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dir Stephen Daldry
scr Richard Curtis
prd Tim Bevan, Eric Fellner, Kris Thykier
with Rickson Tevez, Eduardo Luis, Gabriel Weinstein, Selton Mello, Wagner Moura, Martin Sheen, Rooney Mara, Nelson Xavier, Jose Dumont, Stepan Nercessian, Gisele Froes, Maria Eduarda
release Br 9.Oct.14, UK 30.Jan.15
13/Brazil Universal 1h54
Staying one step ahead: Tevez, Luis and Weinstein
|R E V I E W B Y R I C H C L I N E|
There's a tonal war raging in this movie, as the gritty exploration of prejudice and corruption in Brazil strains against a heartwarming Slumdog Millionaire-like tale of young boys taking on the system. Some segements are dark, intense and violent, while other scenes revel in jubilant happiness. Fortunately, the mystery holding it together is intriguing, clever and important.
In Rio dump, a community lives off what lurks in the mountains of rubbish. When 14-year-old Rafael (Tevez) finds a wallet, he splits the cash with his pal Gardo (Luis), but other things inside it spark their interest. Especially since cruel detective Federico (Mello) clearly wants it so bad. Enlisting their friend Rato (Weinstein), Rafael and Gardo set out to discover the truth about the wallet's owner Jose Angelo (Moura). As the cops get increasingly desperate, charity worker Olivia (Mara) and Father Juilliard (Sheen) also help the boys stay one step ahead of Federico.
Curtis' script never digs too deeply, emphasising the boys' camaraderie as they piece together a puzzle that reveals vast political corruption. While Daldry strives for a breezy, caper-like vibe, he also depicts nasty scenes of torture, murder and a visit to a nightmarish prison. It's shot and edited with snappy energy, and the actors create vivid characters. The three boys are cheeky and resourceful, but know the dangers outside the relative safety of their homey slum, built precariously over muddy waterways.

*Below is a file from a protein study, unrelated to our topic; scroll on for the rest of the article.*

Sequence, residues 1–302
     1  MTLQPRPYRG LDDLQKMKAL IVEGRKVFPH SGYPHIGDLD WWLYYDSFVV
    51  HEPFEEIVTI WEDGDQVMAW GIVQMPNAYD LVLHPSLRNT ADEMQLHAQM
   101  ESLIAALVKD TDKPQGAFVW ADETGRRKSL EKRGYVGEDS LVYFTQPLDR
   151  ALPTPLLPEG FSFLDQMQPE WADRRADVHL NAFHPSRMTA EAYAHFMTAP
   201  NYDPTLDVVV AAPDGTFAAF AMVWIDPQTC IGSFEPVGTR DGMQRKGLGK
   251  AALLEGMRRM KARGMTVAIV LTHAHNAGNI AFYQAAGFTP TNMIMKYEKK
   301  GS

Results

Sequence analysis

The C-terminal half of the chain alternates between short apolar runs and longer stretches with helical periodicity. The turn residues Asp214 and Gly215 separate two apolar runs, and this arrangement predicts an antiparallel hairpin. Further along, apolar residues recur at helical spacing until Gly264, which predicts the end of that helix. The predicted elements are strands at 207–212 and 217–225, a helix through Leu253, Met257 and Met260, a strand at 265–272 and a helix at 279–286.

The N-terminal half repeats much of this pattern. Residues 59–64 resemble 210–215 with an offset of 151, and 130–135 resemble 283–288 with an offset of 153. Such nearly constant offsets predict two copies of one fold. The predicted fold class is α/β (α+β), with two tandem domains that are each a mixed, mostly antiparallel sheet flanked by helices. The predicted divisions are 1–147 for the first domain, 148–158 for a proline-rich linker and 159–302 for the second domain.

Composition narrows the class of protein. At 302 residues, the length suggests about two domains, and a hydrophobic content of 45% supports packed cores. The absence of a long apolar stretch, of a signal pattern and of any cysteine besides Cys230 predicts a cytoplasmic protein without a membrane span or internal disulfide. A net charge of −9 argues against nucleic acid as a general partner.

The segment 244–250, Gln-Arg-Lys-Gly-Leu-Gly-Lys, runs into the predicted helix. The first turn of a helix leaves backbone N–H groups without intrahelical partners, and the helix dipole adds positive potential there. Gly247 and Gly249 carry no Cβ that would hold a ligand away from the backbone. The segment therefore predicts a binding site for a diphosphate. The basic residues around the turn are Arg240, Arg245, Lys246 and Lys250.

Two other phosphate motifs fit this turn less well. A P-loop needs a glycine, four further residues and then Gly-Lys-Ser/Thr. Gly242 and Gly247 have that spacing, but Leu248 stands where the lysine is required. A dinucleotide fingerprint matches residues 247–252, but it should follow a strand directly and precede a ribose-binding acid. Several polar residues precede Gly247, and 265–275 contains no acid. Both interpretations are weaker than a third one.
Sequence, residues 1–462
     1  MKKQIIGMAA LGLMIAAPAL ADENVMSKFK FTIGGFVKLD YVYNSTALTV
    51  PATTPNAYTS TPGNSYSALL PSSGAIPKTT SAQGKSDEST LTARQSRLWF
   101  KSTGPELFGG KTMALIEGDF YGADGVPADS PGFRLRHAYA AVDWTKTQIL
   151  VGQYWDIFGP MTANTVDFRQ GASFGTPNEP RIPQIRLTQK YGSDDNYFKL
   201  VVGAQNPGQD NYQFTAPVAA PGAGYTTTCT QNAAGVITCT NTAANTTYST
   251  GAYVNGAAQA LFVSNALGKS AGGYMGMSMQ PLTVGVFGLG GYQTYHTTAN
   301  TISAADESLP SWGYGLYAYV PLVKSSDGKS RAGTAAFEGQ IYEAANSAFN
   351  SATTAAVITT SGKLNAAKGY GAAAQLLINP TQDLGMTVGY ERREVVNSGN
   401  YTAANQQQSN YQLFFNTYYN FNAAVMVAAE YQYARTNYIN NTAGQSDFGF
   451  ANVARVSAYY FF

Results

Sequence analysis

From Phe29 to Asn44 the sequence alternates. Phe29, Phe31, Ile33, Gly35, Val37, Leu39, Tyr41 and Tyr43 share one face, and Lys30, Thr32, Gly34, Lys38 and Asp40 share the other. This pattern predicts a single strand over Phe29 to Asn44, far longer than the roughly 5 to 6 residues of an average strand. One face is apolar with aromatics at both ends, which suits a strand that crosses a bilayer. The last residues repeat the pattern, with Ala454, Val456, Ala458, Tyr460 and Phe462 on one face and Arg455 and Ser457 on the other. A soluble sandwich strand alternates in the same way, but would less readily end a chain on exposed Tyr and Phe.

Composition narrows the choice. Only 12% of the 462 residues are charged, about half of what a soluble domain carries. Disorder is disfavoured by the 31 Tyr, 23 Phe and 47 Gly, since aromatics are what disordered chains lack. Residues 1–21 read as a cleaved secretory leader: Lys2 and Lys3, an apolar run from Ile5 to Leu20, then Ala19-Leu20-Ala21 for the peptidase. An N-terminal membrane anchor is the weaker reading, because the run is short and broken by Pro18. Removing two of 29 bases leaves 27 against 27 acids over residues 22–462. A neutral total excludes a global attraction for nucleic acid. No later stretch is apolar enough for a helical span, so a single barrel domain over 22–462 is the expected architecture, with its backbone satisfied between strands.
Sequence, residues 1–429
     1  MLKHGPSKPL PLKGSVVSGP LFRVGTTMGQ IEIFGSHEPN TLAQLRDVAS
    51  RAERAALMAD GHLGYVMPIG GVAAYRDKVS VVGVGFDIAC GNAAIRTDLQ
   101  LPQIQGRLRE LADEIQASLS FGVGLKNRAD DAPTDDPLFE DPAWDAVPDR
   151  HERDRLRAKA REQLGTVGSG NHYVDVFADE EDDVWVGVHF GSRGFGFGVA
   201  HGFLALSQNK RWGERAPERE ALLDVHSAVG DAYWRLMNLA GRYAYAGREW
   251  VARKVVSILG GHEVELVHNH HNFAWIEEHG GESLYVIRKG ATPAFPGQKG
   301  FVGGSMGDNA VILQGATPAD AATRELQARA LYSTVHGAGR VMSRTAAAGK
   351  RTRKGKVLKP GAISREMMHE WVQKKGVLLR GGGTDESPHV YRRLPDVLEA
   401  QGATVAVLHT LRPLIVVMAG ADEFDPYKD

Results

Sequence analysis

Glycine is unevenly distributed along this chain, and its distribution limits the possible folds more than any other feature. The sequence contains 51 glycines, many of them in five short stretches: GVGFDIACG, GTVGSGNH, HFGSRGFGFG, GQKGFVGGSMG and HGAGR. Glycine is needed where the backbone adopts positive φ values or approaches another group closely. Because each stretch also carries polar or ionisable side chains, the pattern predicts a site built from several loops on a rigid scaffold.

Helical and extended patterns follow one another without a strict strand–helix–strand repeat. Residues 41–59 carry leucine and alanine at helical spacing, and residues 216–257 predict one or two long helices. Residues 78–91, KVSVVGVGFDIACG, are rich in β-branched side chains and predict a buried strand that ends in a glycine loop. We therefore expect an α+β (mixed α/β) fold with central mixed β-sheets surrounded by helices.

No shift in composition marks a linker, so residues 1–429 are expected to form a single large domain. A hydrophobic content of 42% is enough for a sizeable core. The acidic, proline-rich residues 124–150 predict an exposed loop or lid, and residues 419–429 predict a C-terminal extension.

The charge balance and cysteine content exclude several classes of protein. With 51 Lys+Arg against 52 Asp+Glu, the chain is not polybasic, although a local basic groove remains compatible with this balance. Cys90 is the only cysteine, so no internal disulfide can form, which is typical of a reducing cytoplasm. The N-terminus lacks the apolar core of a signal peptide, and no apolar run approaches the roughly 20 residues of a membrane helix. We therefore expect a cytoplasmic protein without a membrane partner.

By contrast, the grown-ups are much more simplistic. Mello's vicious policeman never offers even a hint of humanity, while Sheen and Mara are almost too saintly. But essentially they're only here to provide the framework within which the boys search for one clue after another as they get involved in a series of terrifying situaitons (including a thrilling chase through a favela) and find hilariously outrageous ways to outwit the authorities.
The title has an obvious double edge, as these kids have learned not to trust policemen who treat the poor like trash. They know justice is elusive in this corrupt system. And this leads to some moving sequences, notably as Rafael stands up boldly to the cops, knowing that he's the good guy and they want to kill him. This "do the right thing" message feels rather contrived, even as it makes us feel good. And it's hard to miss the point that one day people will take to the streets in rage at such a lopsided society. And not just in Brazil.
|R E A D E R R E V I E W S|
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© 2015 by Rich Cline, Shadows on the Wall|
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